In “Song of Our Scars,” physician Haider Warraich surveys the science and history of pain, and our many misconceptions. BY EMILY CATANEO IF YOU’VE VISITED a doctor’s office anytime in the past five decades, after you’ve had your blood pressure taken and your weight measured, you’ve probably been asked that seemingly innocuous question: “Are you in any pain?” “Are you in any pain,” and the 1-to-10 pain scale, have become part and parcel of American health care. But does it make sense to reduce pain to a yes-or-no binary, or a number on a scale? Haider Warraich, a physician and Harvard Medical … Continue reading Unlocking the Mysteries of Pain
The dropout was not just a hippy-trippy hedonist but a paranoid soul, who feared brainwashing and societal control Charlie Williams is a postdoctoral research fellow on the Wellcome Trust-funded Pathologies of Solitude project at Queen Mary, University of London. Edited by Marina Benjamin In November 1967, Robin Farquharson ‘dropped out’. After losing his job as a computer programmer along with the flat he’d been renting, he decided to forgo the dwindling funds in his bank account and live on London’s streets. In his short memoir Drop Out! (1968), Farquharson recounted his homeless wanderings and loose associations with London’s underground scene, moving from … Continue reading The dropout: a history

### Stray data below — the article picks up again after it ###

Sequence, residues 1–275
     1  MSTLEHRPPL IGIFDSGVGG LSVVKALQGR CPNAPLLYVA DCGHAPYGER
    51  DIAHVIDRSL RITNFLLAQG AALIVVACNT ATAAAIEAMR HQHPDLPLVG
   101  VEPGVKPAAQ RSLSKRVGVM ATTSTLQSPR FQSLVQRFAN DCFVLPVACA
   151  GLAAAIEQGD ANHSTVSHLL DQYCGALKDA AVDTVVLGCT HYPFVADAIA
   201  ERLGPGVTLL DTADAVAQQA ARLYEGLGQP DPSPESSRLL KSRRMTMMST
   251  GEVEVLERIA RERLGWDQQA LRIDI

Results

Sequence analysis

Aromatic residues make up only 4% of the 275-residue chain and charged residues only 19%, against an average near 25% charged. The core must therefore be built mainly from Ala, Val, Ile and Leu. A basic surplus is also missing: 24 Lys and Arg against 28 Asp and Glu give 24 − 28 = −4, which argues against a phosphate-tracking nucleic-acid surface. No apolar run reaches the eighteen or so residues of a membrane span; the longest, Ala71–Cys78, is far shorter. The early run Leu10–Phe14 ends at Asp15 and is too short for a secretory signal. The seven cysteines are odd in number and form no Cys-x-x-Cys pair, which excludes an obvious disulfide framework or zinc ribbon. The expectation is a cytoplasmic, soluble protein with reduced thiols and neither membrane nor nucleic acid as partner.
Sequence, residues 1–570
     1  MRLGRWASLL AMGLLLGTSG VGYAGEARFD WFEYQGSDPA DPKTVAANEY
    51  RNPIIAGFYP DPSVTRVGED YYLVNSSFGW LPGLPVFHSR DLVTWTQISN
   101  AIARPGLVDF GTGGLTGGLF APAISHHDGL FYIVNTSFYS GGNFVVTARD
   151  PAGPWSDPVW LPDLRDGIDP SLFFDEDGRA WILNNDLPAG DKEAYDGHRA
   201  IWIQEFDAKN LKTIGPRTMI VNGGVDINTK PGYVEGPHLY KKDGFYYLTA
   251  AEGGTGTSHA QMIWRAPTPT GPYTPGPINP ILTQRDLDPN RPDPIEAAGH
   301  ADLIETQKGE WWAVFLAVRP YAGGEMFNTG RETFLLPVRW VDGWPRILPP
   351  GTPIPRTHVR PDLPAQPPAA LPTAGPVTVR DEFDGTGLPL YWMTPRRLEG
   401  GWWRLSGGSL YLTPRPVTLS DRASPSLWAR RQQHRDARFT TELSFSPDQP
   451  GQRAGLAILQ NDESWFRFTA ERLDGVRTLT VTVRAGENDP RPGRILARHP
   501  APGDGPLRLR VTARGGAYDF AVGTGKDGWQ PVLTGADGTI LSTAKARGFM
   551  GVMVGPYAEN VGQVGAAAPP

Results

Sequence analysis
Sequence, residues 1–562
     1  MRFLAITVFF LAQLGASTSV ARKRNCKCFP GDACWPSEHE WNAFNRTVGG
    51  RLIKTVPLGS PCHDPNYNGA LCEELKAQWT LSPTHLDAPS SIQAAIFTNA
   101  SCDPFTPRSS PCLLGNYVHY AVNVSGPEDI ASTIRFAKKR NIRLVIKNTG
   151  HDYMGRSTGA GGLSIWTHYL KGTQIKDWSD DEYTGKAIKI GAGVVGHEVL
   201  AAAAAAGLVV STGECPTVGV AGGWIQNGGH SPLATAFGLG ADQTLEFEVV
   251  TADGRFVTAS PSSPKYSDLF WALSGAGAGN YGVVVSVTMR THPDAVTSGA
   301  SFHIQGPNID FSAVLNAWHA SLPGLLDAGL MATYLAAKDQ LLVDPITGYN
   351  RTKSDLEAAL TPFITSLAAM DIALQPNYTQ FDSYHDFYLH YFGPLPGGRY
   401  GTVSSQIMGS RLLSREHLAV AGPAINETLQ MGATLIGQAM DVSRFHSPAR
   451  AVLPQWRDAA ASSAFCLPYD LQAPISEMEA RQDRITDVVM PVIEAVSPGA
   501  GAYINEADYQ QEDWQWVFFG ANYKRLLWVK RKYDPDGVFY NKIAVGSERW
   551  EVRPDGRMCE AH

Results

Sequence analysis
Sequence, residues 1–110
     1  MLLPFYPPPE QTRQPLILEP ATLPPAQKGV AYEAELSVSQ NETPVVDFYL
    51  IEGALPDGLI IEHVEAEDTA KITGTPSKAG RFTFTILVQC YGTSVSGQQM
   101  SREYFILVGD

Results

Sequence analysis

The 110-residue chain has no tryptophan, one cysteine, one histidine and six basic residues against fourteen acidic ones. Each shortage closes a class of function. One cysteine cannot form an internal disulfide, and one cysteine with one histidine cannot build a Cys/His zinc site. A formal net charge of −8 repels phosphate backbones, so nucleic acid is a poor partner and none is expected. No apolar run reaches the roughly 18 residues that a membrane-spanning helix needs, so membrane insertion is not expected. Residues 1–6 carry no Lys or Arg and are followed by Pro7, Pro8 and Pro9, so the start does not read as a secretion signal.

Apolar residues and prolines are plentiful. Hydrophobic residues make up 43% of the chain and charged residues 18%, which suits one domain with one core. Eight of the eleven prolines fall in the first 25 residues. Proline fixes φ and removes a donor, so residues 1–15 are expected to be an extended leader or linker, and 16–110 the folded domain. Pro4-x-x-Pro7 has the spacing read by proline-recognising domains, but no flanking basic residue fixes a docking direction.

New research suggests just one trip can change parts of the brain related to mood. By B. David Zarley One ayahuasca experience may be all it takes to leave a lasting change on the brain, new research suggests. The study, published in the dopely-named Journal of Psychopharmacology, found lasting changes in parts of the brain that deal with higher-order cognitive functions, like creativity, concept learning, and decision making. Researchers took 50 subjects who had never had an ayahuasca experience before, giving some a low dose of the psychedelic and others a placebo. They took functional MRI scans — which show activity in the … Continue reading One ayahuasca experience could have lasting effects on the brain